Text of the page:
In 2020, there is an unusual gap of time between Mahalaya, the beginning of Durga Puja, and Mahasahthi. This year, the Durga Puja festival is October 22 – 26, 2020. It’s a bit later, which means slightly cooler and more pleasant temperatures — a very good year to go!
Mahalaya is a significant ritual because it’s the day that artisans draw the eyes on their Durga statues. The statues are made in Kumartuli, a neighbourhood of Kolkata, by thousands of artisans in their workshops. They use straw and clay to craft the idols and then paint and dress them. A visit to Kumartuli is well worth it, to see the process and artistry that goes into them.
For much more detailed information on Durga Puja rituals visit this dedicated site.
Durga Puja dates for 2020
- Shashthi: October 22
- Saptami: October 23
- Ashtami: October 24
- Nabami: October 25
- Dashami: October 26
Where to stay in Kolkata
Central Kolkata is the place to stay, close to the Maidan, the Victoria Memorial, Park Street and a lot of the leading tourist attractions, plus best restaurants, cafes, shops, and markets. Another option would be South Kolkata, which is a more upscale, residential and leafy area of the city. Here are some good choices for hotels:
Bonedi Barir Durga Puja
Travel blogger Madhurima Chakraborty of the blog OrangeWayfarer took me out one night on a very special Durga Puja tradition called Bonedi Barir. You can read more about this lovely tradition in this post Bonedi Barir Parikrama of Kolkata: “Bonedi Barir Durga Puja takes you through the century old Bengali Zamindar or wealthy households of Kolkata where traditional rituals, customs are observed.”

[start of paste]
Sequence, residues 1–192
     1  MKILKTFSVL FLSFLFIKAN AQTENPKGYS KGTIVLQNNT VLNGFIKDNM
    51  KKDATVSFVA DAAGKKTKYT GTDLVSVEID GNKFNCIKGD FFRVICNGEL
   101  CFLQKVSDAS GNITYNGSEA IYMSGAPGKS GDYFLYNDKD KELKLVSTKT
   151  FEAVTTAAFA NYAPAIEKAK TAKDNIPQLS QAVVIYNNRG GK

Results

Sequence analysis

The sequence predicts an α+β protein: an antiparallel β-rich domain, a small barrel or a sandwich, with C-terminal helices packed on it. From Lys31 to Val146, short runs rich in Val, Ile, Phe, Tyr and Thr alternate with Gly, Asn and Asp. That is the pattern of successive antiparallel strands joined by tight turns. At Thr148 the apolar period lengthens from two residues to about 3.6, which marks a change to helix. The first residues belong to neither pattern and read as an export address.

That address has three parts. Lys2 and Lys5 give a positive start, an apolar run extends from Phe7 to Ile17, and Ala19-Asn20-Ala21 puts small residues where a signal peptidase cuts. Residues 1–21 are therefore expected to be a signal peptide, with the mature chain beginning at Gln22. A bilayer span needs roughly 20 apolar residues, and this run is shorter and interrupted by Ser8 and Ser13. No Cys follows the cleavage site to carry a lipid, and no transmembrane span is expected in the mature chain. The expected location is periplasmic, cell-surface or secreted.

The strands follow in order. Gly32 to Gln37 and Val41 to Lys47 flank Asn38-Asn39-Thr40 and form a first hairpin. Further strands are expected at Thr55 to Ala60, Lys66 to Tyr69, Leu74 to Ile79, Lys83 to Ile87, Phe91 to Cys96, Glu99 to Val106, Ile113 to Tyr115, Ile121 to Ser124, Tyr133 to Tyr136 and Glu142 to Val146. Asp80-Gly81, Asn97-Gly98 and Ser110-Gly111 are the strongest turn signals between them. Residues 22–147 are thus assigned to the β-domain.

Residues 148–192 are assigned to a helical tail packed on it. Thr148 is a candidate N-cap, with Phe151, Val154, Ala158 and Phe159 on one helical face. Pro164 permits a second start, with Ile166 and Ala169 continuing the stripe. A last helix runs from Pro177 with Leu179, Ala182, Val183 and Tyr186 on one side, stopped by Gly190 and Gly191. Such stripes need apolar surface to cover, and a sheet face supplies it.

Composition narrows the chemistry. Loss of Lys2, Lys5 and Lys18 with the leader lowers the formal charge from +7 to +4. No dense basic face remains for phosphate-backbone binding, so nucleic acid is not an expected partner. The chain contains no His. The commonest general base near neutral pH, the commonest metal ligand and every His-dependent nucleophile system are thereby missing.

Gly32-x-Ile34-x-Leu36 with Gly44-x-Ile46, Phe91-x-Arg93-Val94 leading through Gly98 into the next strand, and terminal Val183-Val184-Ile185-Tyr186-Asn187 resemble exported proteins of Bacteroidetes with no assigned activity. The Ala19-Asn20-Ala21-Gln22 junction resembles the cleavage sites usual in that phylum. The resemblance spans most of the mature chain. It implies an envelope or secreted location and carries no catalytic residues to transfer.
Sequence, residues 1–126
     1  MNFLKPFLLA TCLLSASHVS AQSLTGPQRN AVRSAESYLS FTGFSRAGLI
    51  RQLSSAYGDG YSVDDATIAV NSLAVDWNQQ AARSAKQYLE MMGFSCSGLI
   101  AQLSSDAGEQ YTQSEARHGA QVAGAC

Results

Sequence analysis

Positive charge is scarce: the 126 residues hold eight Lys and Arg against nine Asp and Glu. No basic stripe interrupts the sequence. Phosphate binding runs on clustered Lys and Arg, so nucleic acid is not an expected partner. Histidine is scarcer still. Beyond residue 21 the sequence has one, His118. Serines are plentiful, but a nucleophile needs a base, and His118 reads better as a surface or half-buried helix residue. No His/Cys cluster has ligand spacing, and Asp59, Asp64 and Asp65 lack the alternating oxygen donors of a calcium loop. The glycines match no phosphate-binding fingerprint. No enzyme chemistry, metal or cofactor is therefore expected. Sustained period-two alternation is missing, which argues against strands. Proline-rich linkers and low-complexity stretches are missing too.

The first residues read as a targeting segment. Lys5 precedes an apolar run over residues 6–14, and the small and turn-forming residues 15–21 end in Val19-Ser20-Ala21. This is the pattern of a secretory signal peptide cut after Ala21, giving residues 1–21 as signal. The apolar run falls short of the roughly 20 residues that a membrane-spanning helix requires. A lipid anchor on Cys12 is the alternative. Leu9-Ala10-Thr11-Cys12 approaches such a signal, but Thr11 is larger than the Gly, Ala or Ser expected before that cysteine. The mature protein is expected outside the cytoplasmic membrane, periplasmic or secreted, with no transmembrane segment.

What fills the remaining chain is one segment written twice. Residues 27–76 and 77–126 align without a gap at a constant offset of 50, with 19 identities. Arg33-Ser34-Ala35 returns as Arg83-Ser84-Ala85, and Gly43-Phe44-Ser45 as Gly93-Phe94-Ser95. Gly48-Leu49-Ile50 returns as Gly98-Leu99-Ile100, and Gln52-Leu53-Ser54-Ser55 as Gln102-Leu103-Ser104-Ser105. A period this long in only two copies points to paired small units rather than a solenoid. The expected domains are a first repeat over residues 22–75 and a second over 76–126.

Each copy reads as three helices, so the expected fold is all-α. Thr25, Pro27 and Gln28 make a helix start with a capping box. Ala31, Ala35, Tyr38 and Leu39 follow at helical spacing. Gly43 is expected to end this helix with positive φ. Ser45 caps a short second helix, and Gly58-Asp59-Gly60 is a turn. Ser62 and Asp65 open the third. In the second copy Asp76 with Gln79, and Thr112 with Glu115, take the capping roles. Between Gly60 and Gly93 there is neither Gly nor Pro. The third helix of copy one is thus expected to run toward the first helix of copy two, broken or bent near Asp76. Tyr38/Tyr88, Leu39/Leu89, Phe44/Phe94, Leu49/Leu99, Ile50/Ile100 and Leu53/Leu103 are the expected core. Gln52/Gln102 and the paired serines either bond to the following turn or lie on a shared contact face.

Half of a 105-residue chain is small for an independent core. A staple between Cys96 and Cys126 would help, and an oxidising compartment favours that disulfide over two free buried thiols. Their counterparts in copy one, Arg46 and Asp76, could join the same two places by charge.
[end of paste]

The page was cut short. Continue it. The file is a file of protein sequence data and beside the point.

Durga Puja merges with mutton biryani and craft beer in a silk saree, seamlessly, for five days. And we love it like that!” Madhurima Chakraborty
We went out about 8 pm to North Kolkata and visited three of these old mansions, each connected through time, including Babu Khelat Ghosh House, Pathuriaghata. I loved visiting this mansion, it was truly like stepping back in time.
Afterwards, we walked to two more Bonedi Barir Durga Puja mansions nearby: Jorasanko Dawn Bari Bandookwala (the Narasimha Dawn Family’s Puja) and Jorasanko Dawn House. These families have been observing Durga Puja for more than 100 years, and open their houses to the public. It is said that the goddess loves to enjoy music and entertainment in one household, eat in another, and dress up in the third!
Walking through the lively streets of North Kolkata at night to visit these traditional pujas, and even meet some of the family members, was one of my absolute favourite things to do during Durga Puja. We stopped at a 100-year-old sweetmaker, and savoured melt-in-your-mouth, rose flavoured sweets, visited several theme pandals, and enjoyed the carnival atmosphere until close to midnight. I headed back to my hotel, like Cinderella, but Madhurima and her friend continued on, planning to pandal hop all night.
Durga Puja at home
It is not within the scope of this post to go into the many intricate religious rituals, and other traditions, encompassed by Durga Puja. (But if you want to know more, read this post.) Suffice to say that each day there are one or more, and many families go to great lengths to celebrate each one — and many of these rituals have been going on for hundreds of years. I was very lucky to get invited home to several Durga Puja events.